There has been since his extinction no corresponding case--as to the relation between benefactor and beneficiary, or debtor and creditor; no other debt in our time has been piled so high, for those carrying it, as the long, the purely "Victorian" pressure of that obligation.Thank you, Professor Evans. Rest in peace.
Friday, December 02, 2011
Dickens and a debt of gratitude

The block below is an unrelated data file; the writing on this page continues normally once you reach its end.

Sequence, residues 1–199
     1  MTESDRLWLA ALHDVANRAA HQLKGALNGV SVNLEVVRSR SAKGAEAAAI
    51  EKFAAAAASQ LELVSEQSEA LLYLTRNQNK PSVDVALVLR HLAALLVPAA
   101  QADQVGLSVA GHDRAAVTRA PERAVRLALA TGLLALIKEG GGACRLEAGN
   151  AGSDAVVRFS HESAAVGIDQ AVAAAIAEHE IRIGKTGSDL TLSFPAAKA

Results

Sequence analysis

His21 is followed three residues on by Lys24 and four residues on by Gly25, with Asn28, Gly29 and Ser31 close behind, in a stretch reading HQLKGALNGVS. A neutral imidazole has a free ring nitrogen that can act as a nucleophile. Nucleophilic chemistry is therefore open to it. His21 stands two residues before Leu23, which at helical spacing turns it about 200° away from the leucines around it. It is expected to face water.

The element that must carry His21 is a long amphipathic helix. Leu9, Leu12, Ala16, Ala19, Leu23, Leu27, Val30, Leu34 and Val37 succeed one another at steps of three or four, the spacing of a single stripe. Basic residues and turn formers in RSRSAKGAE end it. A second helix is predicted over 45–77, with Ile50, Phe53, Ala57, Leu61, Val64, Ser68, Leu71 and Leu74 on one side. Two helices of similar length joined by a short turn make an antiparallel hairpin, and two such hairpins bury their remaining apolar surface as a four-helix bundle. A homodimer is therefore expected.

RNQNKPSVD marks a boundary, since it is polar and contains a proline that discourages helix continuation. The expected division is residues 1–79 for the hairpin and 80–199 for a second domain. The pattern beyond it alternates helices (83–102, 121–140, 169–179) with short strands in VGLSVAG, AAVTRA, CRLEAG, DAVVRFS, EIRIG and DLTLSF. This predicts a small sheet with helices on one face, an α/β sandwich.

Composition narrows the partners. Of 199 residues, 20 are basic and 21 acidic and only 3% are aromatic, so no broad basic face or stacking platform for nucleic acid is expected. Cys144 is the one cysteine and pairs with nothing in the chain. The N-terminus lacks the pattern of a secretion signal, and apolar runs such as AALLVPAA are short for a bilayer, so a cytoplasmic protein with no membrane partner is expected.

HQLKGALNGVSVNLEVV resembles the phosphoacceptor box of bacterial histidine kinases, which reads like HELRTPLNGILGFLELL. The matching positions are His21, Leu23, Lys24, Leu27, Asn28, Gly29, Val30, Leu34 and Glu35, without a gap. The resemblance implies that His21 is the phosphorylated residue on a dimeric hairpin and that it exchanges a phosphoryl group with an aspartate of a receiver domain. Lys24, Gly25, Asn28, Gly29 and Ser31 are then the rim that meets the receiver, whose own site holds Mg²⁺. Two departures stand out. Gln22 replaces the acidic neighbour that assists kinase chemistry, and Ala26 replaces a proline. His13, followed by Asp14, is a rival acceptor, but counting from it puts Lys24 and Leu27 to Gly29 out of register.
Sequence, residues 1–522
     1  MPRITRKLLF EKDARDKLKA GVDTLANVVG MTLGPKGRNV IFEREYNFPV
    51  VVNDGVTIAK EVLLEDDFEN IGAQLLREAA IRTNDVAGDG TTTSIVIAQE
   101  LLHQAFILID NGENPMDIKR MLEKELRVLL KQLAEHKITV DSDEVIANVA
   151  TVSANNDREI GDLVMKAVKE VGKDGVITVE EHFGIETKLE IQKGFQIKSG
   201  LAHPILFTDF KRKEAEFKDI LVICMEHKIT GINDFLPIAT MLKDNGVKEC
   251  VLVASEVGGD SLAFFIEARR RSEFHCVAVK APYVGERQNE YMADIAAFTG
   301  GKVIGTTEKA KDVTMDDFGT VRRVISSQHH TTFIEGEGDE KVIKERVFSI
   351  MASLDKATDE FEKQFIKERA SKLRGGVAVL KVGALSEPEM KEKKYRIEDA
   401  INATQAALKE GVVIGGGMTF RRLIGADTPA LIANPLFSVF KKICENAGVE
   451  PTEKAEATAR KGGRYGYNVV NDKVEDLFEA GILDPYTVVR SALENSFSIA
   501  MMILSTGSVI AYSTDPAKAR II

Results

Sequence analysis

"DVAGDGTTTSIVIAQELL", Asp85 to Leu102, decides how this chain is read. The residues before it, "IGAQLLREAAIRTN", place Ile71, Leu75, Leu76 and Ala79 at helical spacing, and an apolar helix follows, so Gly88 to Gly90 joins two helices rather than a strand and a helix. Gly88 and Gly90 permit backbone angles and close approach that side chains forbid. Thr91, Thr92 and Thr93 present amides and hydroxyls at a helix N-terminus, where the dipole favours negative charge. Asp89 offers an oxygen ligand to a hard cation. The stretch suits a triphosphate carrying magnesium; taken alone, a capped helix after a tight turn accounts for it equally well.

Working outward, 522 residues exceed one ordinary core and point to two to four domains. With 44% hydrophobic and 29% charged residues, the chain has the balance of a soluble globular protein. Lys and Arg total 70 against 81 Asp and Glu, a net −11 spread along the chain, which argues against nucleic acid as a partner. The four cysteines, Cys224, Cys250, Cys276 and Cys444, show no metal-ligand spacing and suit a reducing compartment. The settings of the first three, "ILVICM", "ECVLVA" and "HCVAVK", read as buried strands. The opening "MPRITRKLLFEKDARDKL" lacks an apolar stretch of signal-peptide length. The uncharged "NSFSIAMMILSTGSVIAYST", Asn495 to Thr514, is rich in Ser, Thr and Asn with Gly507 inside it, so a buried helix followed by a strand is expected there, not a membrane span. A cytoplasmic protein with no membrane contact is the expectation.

I mentioned in Wednesday's post that the bibliography for Claire Tomalin's new Dickens bio included Philip Collins's collection of period reviews of Dickens's novels, Dickens: The Critical Heritage (1986)--but I didn't even begin to convey the excitement I felt when I saw that listing. I think it likely that as I read the bibliography I briefly looked like a Loony Toons character, eyes popping, spine straightening, ears twitching. I'd been looking for that book off and on--not knowing its title or editor--for years, ever since I saw it in the hands of a favorite English professor when I was an undergraduate. It was in my undergrad years when I really fell for Dickens. Northwestern offered a course in Dickens, taught by Lawrence Evans, who had been on faculty there since 1962; Evans was an unapologetic avoider of fashion and theory, a slightly frumpy, slightly affected lover of literature who entered the ranks of the English Department in simpler times and stayed, never losing his enthusiasm or ebullience, for decades. His publication record tells you that he came from a different era: he published but one book, with Oxford, The Letters of Walter Pater (1970), which seems likely to have been a revision or extension of his Harvard dissertation (1961). Is there a less fashionable author than Pater? Is it possible to conceive, these days, of a near-half-century career at a major university that sees but one publication? The above should not be taken as a slight against Evans. He was a wonderful teacher of undergraduates, exactly the sort of English teacher regularly encountered in movies but rarely seen in real life--the one who leaves you loving literature, inspired and challenged by it, more than ever. Decades into his career, he still brimmed over with love for all manner of English literature. And if he had little truck with theory, he had less truck with shirking. In his nine-week Dickens class, we read Barnaby Rudge, Martin Chuzzlewit, Little Dorritt, Dombey and Son, and Our Mutual Friend--4,500 pages in total, and we were expected to know it cold for class discussions, papers, and even quizzes. He expected us to share his enthusiasm for reading and commitment to these books, which was a good way of weeding out the slackers. For someone like me, whose essential nature as a reader and a student is that of a dilettante who loves fiction beyond all description and simply wants to know better how and why it works, Evans's method of close reading combined with just enough historical and biographical information was a dream. By the end of that nine weeks, I was a Dickens fan for life. Add the fact that other of his courses were the first to introduce me to Ford Madox Ford, E. M. Forster, Virginia Woolf, and Graham Greene, and you've got a debt I could never hope to repay. As students will do, I lost touch with Professor Evans years ago. I knew him for a time as a graduate, when I worked in a scholarly bookstore near campus that sold books for his courses, but since I left the store more than twelve years ago, I hadn't been in touch. I remembered hearing several years ago that he'd had a stroke, and that he'd subsequently retired. Looking him up tonight, prompted by the joy that the volume of Dickens criticism had brought me, I learned that he died not quite a fortnight ago, on November 20, as, halfway through Tomalin's biography, I was as wrapped up in Dickens as ever. So in memory of your own English teachers, the ones to whom you owe a lifetime of reading and re-reading a favorite author, please join me tonight in raising a glass to Lawrence Evans. In exchange, I'll promise to regularly share the best of what I learn from this volume of Dickens criticism. Tonight, I'll close with this, from the Autobiography of Henry James--who could be as cutting a critic of Dickens as anyone, but who here acknowledges the Inimitable's glories: